Persecution wears down ordinary people. Ordinary people look for ways out of pain and punishment. They look for someone to say, “It is okay. Just stop sharing all things in common. Keep some for yourself. Take it easier. God and Jesus still love you.”
If only Jesus left us a Holy Magic Wand, then we could just pull that out and <poof> there would be no more pain and suffering. Unfortunately ….
Peter wrote his letters to his flocks of sheep that had been left in the care of Good Shepherds. It was their family members who needed encouragement to stay the course. Peter did not tell them to stop being “all-in.” He told them to maintain being fully committed to God, through Christ.
Peter said, “It is a credit to you if, being aware of God, you endure pain while suffering unjustly.” He told them, “If you endure when you do right and suffer for it, you will have God’s approval.”
Peter told them that Jesus suffered in the same way. True Christians have gained Christ as their Good Shepherd because they recognize how much Jesus suffered for them.
Peter encouraged the early Christian flocks by saying, “You were going astray like sheep, but now you have returned to the shepherd and guardian of your souls.”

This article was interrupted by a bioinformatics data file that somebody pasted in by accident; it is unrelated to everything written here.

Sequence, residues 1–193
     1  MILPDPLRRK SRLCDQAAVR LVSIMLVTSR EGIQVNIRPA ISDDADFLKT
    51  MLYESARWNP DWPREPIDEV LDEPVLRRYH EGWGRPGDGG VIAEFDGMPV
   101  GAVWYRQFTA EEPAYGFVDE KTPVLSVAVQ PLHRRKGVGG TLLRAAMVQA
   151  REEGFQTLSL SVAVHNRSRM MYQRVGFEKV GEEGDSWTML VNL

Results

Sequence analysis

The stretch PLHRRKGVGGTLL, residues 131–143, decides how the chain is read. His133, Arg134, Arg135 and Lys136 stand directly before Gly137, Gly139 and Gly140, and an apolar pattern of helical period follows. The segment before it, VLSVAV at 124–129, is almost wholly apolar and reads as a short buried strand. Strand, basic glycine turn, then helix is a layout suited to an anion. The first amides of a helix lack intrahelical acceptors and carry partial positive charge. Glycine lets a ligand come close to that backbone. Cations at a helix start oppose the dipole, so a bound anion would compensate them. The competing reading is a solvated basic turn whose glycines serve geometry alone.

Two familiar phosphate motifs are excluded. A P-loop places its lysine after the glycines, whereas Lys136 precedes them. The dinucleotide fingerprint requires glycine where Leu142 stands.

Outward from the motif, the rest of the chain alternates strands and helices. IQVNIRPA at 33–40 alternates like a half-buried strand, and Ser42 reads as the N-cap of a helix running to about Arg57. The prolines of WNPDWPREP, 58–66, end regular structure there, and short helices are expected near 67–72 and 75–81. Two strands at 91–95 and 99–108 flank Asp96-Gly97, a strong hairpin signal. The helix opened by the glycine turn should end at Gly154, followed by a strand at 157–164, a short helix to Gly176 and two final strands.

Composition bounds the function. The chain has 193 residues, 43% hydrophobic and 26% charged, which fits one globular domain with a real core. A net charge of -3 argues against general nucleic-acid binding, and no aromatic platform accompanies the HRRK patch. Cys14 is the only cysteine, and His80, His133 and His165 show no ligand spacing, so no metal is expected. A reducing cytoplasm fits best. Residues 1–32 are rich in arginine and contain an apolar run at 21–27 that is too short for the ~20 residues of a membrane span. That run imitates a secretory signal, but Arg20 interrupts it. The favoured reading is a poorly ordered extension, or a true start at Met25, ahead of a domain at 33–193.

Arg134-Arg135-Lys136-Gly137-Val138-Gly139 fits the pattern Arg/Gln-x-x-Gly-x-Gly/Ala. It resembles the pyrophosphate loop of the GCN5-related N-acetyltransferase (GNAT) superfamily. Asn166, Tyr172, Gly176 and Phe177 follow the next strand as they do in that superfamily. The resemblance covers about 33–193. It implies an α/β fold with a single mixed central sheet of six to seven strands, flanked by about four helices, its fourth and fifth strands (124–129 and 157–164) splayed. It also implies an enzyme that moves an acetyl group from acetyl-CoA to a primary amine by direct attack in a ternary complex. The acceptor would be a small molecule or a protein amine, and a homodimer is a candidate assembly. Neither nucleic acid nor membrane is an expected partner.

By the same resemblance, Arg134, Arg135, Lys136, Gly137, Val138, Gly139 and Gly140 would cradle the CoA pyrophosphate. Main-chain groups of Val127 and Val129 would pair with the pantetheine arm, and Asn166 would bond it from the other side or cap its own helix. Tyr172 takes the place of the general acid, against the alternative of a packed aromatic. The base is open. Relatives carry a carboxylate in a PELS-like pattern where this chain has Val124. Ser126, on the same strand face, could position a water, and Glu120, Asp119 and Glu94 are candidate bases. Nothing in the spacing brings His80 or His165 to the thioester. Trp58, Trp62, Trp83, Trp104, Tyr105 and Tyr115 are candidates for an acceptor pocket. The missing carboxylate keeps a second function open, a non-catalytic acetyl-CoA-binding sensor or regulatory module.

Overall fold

In a way, Peter said, “Before Jesus died for your sins, you were only paying 10% and that was not working for you at all. You paid for nothing and got what you paid for.”
Jesus sacrificed for Heaven, and so should you. No pain, no gain.
We make things seem more difficult than they really are, some times. Those of a certain age remember times when you were children, when you had so little your life seemed unbearable.
There was not enough food to eat, never any of the latest fashions to wear, and not enough heat in the winter or cool in the summer. There was an economic collapse, followed by a World War. Ordinary things were rationed or impossible to get, so that the needs of our troops were met first, and foremost.
You survived because the family pulled together, brothers helping sisters, parents helping children. Aunts and uncles and cousins working together to help one another have their needs met.
It was hard. There was an awful lot of prayer involved too …
And it preserved the family through hard times.